Then we turn to the holidays, which aren’t really fully holidays for teachers. Over one Christmas break, only 1-in-5 said they did no work at all and 13% said they did 5 or more days. Over a half-term holiday, over half tell us they planned lessons, one-third marked books or tests, one-in-ten ran a revision session or trip with pupils, and over half spent time reading books or blogs relevant to their teaching.

What ‘counts’ as work among these activities is different from person-to-person and keeping accurate track of it is almost impossible. It isn’t likely that teachers are purposely over-estimating their worktime, but that they’ve got so much going on, spread across so much of the week, that it feels even more overwhelming in retrospect than when surveyed on a day-to-day basis.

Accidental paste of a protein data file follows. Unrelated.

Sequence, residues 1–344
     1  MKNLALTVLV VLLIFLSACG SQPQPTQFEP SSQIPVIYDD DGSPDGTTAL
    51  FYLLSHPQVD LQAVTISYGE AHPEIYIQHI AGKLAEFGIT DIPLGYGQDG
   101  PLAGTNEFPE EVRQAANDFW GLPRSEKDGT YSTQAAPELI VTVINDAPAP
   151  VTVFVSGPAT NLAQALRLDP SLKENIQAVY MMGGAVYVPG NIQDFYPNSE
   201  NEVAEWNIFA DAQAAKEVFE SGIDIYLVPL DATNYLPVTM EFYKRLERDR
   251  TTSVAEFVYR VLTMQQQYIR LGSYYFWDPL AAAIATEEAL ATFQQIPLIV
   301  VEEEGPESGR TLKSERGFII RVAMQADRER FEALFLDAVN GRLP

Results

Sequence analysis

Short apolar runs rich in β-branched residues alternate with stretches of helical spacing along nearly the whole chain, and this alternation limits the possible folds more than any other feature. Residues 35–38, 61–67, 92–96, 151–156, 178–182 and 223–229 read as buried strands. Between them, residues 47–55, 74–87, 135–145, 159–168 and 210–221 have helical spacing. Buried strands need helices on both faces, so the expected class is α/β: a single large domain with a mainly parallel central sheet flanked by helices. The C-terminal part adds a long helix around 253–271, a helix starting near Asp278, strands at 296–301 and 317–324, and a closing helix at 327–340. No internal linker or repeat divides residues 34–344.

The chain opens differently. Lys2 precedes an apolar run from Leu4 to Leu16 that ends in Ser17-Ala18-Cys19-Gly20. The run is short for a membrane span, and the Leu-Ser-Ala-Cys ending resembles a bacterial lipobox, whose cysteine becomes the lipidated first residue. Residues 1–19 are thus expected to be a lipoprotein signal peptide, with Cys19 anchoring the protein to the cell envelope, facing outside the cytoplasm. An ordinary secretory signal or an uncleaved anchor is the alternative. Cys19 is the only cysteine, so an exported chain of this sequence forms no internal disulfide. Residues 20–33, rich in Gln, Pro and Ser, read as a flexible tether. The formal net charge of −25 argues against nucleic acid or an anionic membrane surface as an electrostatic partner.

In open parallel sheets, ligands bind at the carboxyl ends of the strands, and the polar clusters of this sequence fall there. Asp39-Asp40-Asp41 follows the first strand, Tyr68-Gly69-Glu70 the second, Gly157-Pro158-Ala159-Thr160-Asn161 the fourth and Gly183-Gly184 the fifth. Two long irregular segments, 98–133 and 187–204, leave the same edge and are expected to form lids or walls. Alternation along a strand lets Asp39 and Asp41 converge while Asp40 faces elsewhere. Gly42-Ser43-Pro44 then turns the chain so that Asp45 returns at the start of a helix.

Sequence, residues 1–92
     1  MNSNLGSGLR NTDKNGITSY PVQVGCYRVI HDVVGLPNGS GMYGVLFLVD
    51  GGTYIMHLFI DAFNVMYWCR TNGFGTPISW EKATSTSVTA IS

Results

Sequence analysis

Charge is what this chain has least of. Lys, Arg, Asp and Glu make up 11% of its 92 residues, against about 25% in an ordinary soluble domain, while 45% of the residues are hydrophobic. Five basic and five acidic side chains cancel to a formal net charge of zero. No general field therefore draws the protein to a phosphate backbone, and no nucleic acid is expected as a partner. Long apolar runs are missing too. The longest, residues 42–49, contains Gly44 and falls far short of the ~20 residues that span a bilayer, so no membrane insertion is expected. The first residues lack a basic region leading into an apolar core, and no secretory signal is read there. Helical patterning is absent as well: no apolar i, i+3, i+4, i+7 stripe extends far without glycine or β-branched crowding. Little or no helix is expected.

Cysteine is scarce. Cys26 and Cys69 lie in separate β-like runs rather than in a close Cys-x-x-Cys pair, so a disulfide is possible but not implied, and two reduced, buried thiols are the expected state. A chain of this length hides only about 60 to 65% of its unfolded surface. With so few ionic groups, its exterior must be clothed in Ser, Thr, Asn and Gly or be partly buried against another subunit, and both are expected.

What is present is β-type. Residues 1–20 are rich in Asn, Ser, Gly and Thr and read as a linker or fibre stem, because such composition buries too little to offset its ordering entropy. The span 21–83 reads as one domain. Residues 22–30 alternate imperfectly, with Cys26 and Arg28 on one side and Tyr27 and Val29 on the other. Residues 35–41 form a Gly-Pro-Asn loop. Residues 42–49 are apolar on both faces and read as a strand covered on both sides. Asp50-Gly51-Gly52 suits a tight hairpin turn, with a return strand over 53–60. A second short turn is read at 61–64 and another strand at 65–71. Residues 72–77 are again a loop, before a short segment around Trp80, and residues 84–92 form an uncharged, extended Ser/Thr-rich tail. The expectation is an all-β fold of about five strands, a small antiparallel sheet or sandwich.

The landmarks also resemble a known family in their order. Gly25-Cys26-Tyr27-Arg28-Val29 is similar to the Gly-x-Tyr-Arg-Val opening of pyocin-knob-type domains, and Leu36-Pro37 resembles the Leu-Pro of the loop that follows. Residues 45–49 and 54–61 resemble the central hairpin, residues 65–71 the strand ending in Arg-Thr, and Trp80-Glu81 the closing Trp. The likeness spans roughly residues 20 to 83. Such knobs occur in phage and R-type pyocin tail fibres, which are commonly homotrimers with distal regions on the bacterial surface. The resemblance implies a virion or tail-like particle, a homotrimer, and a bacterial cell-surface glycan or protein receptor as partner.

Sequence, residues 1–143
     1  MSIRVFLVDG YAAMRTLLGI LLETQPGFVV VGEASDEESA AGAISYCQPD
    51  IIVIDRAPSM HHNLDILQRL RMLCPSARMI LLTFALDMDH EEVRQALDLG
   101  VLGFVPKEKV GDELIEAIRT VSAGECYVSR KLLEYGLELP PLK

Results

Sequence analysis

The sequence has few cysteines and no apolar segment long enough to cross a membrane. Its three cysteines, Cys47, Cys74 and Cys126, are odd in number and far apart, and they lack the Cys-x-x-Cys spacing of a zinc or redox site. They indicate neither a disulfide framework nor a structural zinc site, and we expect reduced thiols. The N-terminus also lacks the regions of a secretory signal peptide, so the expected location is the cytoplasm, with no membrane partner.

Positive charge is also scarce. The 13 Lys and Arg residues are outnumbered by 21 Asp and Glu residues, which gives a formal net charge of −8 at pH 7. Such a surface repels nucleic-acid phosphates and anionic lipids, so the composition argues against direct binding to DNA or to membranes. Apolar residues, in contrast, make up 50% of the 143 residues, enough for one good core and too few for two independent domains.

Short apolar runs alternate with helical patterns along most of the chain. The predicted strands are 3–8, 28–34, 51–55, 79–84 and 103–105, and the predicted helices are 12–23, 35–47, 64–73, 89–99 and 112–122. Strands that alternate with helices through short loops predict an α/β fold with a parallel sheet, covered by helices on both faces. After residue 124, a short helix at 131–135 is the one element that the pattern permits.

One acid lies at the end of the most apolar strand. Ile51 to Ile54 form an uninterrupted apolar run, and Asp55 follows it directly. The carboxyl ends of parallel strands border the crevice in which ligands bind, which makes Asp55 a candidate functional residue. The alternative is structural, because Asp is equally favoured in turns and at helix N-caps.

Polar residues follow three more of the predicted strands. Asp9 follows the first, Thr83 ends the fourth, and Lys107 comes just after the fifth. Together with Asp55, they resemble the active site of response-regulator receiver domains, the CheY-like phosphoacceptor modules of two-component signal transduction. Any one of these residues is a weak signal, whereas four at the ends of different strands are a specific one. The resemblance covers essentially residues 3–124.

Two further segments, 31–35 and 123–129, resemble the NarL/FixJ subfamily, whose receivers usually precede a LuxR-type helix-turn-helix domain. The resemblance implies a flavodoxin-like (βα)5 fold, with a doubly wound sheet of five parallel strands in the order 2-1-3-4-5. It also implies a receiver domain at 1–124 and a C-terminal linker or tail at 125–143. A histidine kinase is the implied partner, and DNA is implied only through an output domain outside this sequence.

Does this mean that workload surveys aren’t to be believed? Definitely not. But it does should we need to be careful to check on the timescales across which they are asked and bear in mind this can affect the estimates.


Tips on Teacher Tapp this week:

How to build a habit forever

Bird-watching fable (about IQ)

Planning tool from Tom Sherrington (teacherhead)

Are schools uncreative? (Probably not…)

Marginal learning losses

Two alternative forms of retrieval practice

How to motivate the crazily high-achieving and interested students

How can you PREVENT bad behaviour in your classroom?

Finding autonomy in your classroom

The age of 4 is an important transition for these cool reasons…

This much I know about using research evidence…

Breakthroughs not breakdowns in teaching – Mrs Humanities blog